Sept. 7 (Bloomberg) -- The Bank of Japan kept monetary policy unchanged after adding 10 trillion yen ($130 billion) of stimulus last month to combat a yen near a postwar high.
Governor Masaaki Shirakawa and his policy board kept the key benchmark interest rate between zero and 0.1 percent and left its credit and asset-purchasing programs totaling 50 trillion yen unchanged, in line with forecasts by 10 of 13 economists surveyed by Bloomberg News. The vote was unanimous, the bank said in a statement.
The yen advanced against the dollar as the bank refrained from adding stimulus a day after Switzerland pledged to put a ceiling on its exchange rate against the euro. The Swiss and Japanese have had to contend with appreciation in their currencies as risks to global growth boost their appeal with investors seeking safe-haven assets.
“Further monetary easing is still on the table,” said Junko Nishioka, chief economist at RBS Securities in Tokyo and a former BOJ official. “If the yen strengthens sharply beyond the postwar high, that could push stocks lower, increasing the chance that the BOJ will ease more.”
Japan’s currency traded at 77.13 against the dollar at 5:10 p.m. in Tokyo, compared with 77.39 before the announcement. The yen touched a postwar high of 75.95 on Aug. 19. Prime Minister Yoshihiko Noda’s administration is weighing stimulus measures to help companies cope with the yen’s gains.
“The BOJ just increased stimulus, so it’s natural they’d now want to gauge how effective that is,” Akio Makabe, an economics professor at Shinshu University in central Japan, said before the decision. “Noda may ask for a stronger commitment from the BOJ to ease policy. If the yen keeps strengthening, we can expect them to add more stimulus before year end.”
Two analysts surveyed predicted policy easing and one saw an equal chance Shirakawa would announce stimulus measures or keep credit programs unchanged. The lending facility and asset program have been the central bank’s main policy tools since it lowered the key rate to near zero in October.
The BOJ expanded stimulus on Aug. 4, hours after authorities intervened in currency markets to prevent the yen’s appreciation from derailing the nation’s recovery from a March earthquake.
"Uncertainties continue to be very high," Shirakawa said at a press conference in Tokyo today. In the past month, “I don’t think there have been any positive developments in the global economy," he said.
Noda, a former finance chief sworn in last week to replace Naoto Kan, is drafting a third package to rebuild after the March quake. He has said the government is weighing measures to help companies deal with the rising yen. The currency has climbed 3 percent against the dollar in the past three months.
The premier has also indicated taxes may need to be raised to help fund the initiatives. Moody’s Investors Service lowered the nation’s credit rating on notch to Aa3 last month, citing weak prospects for growth that will make it difficult for the government to rein in the world’s largest public debt burden.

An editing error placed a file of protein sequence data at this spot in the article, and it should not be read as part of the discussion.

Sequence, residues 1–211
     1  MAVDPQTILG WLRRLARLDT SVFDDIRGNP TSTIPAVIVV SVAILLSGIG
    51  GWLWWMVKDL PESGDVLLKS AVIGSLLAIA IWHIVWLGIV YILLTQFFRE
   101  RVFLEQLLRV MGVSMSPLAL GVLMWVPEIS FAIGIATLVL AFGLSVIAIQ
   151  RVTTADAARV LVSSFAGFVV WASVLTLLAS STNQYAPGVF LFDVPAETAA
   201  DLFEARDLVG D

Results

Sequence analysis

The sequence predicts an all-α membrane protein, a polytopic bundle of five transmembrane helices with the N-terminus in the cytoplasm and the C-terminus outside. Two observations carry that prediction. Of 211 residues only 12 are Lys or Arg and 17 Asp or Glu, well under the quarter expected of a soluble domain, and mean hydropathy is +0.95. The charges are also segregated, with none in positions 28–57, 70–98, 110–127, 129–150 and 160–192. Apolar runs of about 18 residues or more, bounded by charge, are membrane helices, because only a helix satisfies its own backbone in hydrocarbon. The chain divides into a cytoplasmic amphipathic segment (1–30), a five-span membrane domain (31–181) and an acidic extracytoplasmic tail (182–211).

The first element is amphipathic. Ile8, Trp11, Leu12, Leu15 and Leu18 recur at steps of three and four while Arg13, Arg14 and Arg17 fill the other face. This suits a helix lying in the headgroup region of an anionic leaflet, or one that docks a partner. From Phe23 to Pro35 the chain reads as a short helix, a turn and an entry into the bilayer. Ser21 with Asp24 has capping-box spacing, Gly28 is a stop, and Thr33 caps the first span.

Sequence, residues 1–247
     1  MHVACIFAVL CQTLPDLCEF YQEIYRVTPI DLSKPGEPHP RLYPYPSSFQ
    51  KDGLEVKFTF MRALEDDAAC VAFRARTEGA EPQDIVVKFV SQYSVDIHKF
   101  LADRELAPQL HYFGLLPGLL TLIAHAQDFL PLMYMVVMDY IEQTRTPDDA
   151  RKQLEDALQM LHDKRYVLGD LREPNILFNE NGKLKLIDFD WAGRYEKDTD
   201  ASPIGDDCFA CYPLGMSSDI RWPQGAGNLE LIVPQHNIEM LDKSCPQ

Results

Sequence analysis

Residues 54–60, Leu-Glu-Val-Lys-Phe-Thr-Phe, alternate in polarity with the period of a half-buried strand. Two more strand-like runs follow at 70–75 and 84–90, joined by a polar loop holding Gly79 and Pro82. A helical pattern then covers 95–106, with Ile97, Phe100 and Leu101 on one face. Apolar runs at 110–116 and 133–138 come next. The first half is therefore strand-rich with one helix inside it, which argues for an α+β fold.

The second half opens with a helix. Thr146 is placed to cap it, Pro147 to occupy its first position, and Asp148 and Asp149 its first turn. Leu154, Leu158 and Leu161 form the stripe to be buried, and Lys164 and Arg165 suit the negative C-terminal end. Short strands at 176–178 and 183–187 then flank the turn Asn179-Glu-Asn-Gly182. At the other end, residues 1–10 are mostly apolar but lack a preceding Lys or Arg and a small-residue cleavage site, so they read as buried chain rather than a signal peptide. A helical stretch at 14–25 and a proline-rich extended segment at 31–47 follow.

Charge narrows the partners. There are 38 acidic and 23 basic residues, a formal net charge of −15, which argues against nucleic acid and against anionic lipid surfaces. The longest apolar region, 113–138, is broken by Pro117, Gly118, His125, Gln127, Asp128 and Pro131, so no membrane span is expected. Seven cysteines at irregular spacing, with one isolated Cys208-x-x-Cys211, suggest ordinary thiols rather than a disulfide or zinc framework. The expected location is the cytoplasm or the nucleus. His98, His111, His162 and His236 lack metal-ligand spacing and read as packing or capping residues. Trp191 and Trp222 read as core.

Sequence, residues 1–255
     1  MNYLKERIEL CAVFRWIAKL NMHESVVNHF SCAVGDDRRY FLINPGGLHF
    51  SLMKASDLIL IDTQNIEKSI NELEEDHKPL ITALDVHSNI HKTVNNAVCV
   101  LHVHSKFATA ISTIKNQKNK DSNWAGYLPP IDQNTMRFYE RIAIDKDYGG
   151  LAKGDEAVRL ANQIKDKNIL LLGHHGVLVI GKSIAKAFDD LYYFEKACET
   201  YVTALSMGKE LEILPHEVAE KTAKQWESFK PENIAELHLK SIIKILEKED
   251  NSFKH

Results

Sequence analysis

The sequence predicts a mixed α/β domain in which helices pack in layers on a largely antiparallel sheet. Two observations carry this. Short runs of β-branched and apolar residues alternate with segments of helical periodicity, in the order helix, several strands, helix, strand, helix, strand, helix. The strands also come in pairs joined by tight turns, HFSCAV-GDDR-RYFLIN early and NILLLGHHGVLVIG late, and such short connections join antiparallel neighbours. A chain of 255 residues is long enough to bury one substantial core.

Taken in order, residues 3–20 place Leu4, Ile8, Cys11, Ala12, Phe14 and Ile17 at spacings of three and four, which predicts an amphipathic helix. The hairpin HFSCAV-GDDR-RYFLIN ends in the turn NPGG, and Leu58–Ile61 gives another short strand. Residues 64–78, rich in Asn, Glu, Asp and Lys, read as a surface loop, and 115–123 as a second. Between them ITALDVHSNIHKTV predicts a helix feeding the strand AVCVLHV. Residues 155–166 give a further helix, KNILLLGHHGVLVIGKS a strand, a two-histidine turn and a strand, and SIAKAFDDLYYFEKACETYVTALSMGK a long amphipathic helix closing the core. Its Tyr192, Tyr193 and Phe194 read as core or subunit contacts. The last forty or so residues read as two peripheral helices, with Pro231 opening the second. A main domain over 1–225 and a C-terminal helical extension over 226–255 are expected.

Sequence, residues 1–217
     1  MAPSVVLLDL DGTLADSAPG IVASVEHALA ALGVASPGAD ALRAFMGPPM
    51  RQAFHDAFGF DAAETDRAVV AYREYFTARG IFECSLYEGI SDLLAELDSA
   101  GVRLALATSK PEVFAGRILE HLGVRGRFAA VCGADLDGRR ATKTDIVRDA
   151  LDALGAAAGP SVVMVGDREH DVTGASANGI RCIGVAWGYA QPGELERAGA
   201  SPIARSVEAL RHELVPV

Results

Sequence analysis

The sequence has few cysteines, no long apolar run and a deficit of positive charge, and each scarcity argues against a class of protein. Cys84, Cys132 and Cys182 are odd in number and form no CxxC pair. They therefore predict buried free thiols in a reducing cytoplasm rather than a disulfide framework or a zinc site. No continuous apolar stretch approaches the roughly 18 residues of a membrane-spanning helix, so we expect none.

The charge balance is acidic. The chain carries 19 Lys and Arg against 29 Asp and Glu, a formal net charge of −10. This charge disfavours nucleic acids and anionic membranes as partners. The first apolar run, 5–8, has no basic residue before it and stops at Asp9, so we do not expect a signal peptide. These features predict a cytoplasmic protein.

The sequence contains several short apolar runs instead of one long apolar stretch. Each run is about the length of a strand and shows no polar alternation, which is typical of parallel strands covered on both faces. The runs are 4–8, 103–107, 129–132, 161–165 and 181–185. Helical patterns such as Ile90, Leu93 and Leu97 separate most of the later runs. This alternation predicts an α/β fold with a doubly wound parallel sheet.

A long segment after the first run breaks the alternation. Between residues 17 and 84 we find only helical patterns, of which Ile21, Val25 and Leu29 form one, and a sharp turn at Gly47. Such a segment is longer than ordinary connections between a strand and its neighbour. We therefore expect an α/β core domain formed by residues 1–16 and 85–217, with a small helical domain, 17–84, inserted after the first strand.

The yen has retreated from its highest level since 1945, and weakened yesterday after the Swiss central bank said it will keep the euro above 1.20 francs and will defend that line with ‘‘utmost determination.” Finance Minister Jun Azumi said earlier this week that the yen’s gains have been “abrupt.”
A rebound in the world’s third-largest economy from the March 11 temblor that left more than 19,000 dead or missing may be losing steam. Capital spending unexpectedly declined in the second quarter and a regular revision to consumer price data showed the economy is still struggling with deflation. Growth in the U.S., the nation’s second-largest export destination after China, is also slowing, a sign Japan may not be able to count on exports to end three quarters of economic contraction.
Japanese policy makers have been focused on alleviating the pressure of the strong yen by establishing lending programs to encourage companies to acquire businesses or energy resources overseas. The Finance Ministry last month said it would make $100 billion of its foreign-currency reserves available for companies through a state-run lender.
“The central bank will want to show it’s willing to cooperate with the new administration when it can,” said Mari Iwashita, chief market economist at SMBC Nikko Securities Inc. in Tokyo. “But there isn’t much the central bank can do. It would probably be prudent for them to ease policy in October, around the time the third extra budget is due to pass.”
In addition to boosting its fixed-rate lending program and asset-purchase facility, analysts surveyed said the BOJ may also weigh expanding the maturities of debt it purchases to lower borrowing costs as well as cutting the amount of interest it pays on reserves financial institutions park at the BOJ.
The central bank is unlikely to pursue more unorthodox measures to stop the yen’s strengthening such as buying foreign assets, a move that would interfere with the Finance Ministry’s control over currency policy, according to Izuru Kato, chief economist in Tokyo at Totan Research Co.
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